From the Columbus Dispatch, Sunday March 25th:
Ohio lawmakers should provide the legislative backing for Cleveland Mayor Frank Jackson’s dramatic reform proposal for his city’s deeply troubled schools.
The plan would give the Cleveland Metropolitan School District the best chance it has had in decades for real and rapid improvement. The district is mired in “academic watch” status, meeting only one of the 26 performance standards on the state-issued report card, and is facing financial insolvency. As a result, thousands of young people reach adulthood each year with blighted prospects.
Jackson’s plan aims to triple, in six years, the number of Cleveland students attending schools rated “excellent” or “effective,” and to close and replace failing schools more quickly. To do this, he seeks a “differentiated pay” system for teachers, based in part on a teacher’s effectiveness and the demand for his or her area of expertise. He also seeks to wipe the slate clean on union contracts, starting collective bargaining over without the decades of past practices that no longer are relevant or helpful to 21st -century education. The plan also would allow levy revenue to be used for charter schools, which would have to meet high standards of achievement.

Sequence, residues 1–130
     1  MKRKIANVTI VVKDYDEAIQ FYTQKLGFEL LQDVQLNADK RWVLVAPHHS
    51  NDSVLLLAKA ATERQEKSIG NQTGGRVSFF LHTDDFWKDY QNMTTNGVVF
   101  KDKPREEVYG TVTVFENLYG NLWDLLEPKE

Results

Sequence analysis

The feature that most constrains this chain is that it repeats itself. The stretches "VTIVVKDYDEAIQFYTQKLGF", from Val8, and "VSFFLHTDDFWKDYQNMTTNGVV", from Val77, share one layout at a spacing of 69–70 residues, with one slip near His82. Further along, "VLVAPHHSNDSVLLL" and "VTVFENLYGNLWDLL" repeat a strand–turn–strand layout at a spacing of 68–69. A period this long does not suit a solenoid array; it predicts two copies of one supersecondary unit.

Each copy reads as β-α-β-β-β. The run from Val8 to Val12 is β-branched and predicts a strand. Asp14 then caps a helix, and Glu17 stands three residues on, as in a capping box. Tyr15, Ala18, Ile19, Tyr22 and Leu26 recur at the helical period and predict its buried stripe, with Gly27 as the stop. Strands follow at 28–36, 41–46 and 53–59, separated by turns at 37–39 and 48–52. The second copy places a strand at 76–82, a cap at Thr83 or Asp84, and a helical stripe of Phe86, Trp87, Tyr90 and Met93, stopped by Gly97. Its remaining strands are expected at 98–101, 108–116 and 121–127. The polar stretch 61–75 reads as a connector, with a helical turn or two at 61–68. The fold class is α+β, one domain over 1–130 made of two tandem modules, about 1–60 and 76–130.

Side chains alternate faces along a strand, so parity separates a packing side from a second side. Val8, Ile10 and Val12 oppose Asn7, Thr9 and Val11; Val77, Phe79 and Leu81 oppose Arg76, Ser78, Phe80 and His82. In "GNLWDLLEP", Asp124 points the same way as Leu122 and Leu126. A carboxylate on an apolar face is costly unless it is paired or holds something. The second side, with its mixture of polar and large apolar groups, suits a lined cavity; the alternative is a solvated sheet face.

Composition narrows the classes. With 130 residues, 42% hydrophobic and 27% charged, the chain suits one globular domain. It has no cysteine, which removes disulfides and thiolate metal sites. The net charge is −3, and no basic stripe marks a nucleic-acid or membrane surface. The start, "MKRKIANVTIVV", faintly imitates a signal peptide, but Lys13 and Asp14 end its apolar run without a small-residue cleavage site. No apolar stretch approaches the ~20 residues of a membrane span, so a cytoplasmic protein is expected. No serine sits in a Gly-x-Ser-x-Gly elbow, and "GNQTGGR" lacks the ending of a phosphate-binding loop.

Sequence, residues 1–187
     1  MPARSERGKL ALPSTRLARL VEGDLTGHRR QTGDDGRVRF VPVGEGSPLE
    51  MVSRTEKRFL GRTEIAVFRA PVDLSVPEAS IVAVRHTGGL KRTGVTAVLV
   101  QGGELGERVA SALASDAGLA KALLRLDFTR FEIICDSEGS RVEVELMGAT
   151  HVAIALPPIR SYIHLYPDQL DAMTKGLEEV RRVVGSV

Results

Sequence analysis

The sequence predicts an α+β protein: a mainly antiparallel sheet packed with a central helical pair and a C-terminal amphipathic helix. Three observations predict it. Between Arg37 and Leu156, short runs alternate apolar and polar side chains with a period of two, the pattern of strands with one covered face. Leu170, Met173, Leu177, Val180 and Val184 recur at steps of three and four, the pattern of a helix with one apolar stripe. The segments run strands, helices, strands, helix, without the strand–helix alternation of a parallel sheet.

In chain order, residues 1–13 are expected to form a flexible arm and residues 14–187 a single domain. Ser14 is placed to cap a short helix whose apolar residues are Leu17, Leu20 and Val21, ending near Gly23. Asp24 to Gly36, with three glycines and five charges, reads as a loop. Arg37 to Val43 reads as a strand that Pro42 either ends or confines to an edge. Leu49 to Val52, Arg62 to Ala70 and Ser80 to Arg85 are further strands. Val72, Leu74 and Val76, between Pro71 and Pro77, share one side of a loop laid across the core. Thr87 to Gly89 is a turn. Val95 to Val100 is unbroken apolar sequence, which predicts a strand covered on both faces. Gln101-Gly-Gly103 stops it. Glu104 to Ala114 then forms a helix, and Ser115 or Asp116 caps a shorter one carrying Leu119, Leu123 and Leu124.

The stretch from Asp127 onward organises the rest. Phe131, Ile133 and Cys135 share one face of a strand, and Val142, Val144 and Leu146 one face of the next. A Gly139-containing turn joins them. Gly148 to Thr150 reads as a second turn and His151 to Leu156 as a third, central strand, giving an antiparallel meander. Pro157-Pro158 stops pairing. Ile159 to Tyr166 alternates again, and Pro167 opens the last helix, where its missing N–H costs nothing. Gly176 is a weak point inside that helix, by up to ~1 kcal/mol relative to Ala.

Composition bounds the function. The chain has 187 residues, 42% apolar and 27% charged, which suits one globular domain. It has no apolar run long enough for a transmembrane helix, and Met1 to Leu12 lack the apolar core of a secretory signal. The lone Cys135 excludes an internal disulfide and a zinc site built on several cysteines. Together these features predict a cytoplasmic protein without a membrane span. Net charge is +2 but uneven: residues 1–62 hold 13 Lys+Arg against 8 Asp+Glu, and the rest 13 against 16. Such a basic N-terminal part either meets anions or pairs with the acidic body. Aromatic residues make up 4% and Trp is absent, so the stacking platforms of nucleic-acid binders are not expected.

Jackson was right to put the plan together without the union at the table, despite being criticized for it. He is the executive ultimately responsible for the school district. He knows that even when teachers unions are willing to embrace change, it is incremental, and incremental change means that thousands more Cleveland students will suffer for the inadequacies of their schools.
In the legislative process, teacher unions will have the opportunity to provide input. But union resistance to change should not be allowed to imprison the district in permanent failure.
Jackson, a Democrat, rightly bristles when critics compare his school-reform plan to last year’s Senate Bill 5. He points out that he campaigned against that bill, which would have curtailed the collective-bargaining rights of teachers and other public employees.
Although his plan includes some of the same ideas, such as removing seniority as the sole factor in deciding on teacher assignments and layoffs, it still would allow teachers to bargain on most issues.
Cleveland schools desperately need the kinds of changes Jackson is proposing, and the district also needs more cash: Administrators will have to make $65 million in cuts before next school year to avoid red ink, and the deficit will continue to grow if voters don’t approve a new operating levy in November.
Jackson wants to make voters a straightforward offer: Allow us a five-year levy to make these fundamental changes. If the levy reaches its expiration and the schools haven’t improved, you don’t have to renew it.
He can’t offer that bargain without the help of lawmakers. Cleveland’s future depends on their courage.